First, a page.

Wednesday: “Red Moon, you saw me sleeping alone. Before the Sun rises up. Before I turn on my phone.” Early risers and late nighters will see a total lunar eclipse this morning. During a total lunar eclipse, the Moon enters the earth’s shadow. Total lunar eclipses are not as obvious as total solar eclipses because light still reaches the Moon even when it is directly behind the Earth. That is because the Earth’s atmosphere acts like a lens and bends rays of light that would normally miss the Moon such that they hit the Moon. That doesn’t mean the Moon looks the same during a total lunar eclipse as it does during a normal full Moon. Sunlight is white. White light is the sum of all of the colors in the visible spectrum (red, orange, yellow, green, blue, indigo and violet). Our atmosphere scatters the blue component of the Sun’s white light. That is why our sky is blue. When the Sun or Moon is near the horizon, the light passes through a lot of the atmosphere meaning a lot of the blue light is scattered and the Sun or Moon looks redder than when it is high in the sky. During a total lunar eclipse, sunlight passes through a large slice of the Earth’s atmosphere. The remaining light that reaches the Moon is reddish. Thus, the Moon looks red during a total lunar eclipse. From our perspective in Washington, the Moon will start to enter the Earth’s shadow at 2:15 a.m. Totality starts at 3:30 a.m. By 4:25 a.m., the total eclipse will be over with the partial eclipse ending about an hour later. For more information about this eclipse, and lunar eclipses in general, go to the Science@NASA video at http://goo.gl/iCnkAu.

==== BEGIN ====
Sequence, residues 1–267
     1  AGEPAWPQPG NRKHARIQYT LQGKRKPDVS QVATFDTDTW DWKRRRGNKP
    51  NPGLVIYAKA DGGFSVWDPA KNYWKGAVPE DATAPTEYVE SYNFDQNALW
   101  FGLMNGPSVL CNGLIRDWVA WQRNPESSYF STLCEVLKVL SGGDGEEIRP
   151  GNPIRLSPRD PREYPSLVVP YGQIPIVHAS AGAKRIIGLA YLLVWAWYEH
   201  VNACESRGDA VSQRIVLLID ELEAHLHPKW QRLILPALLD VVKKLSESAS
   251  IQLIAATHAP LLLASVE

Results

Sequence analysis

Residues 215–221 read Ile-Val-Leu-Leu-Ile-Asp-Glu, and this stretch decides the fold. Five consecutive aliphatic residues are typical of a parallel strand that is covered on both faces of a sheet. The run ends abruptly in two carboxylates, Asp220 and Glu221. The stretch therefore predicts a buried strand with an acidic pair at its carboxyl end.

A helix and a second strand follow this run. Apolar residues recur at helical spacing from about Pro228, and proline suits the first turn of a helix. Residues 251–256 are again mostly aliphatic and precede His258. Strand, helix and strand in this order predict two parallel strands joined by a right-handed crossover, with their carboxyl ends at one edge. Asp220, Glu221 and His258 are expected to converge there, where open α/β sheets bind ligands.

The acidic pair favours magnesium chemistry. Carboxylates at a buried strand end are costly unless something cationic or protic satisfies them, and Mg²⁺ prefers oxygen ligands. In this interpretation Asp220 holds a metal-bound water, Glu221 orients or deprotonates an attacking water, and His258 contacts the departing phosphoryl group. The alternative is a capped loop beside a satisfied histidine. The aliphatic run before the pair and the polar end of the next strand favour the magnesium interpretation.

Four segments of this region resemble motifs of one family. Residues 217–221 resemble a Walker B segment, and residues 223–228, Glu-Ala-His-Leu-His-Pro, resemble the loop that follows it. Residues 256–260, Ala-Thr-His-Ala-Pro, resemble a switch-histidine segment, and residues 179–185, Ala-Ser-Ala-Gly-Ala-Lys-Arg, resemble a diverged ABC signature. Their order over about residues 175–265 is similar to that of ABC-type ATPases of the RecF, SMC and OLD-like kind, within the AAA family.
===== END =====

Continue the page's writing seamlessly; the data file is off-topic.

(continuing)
Thursday: Jupiter is about four and a half fists above the east-southeast horizon at 6:30 a.m.

Friday: While you are resting after looking for Draconid meteors for two nights, start thinking about the Orionid meteor shower. This shower, which consists of the earth colliding with pieces of the remains of Halley's Comet's tail, peaks on the morning of October 21 but produces meteors from now until early November. These meteors appear to come from a point in Orion, the hunter. This point is about three fists above the southeast horizon at 1 a.m. tonight. You can follow this point throughout the night as it will remain one fist above the prominent reddish star Betelgeuse (pronounced Bet'-el-jews). The Orionid meteors are fast - up to 40 miles per second.


The positional information in this column about stars and planets is typically accurate for the entire week. For up to date information about the night sky, go to https://nightsky.jpl.nasa.gov/planner.cfm.

Thursday, September 25, 2014

The Ellensburg sky for the week of 9/27/14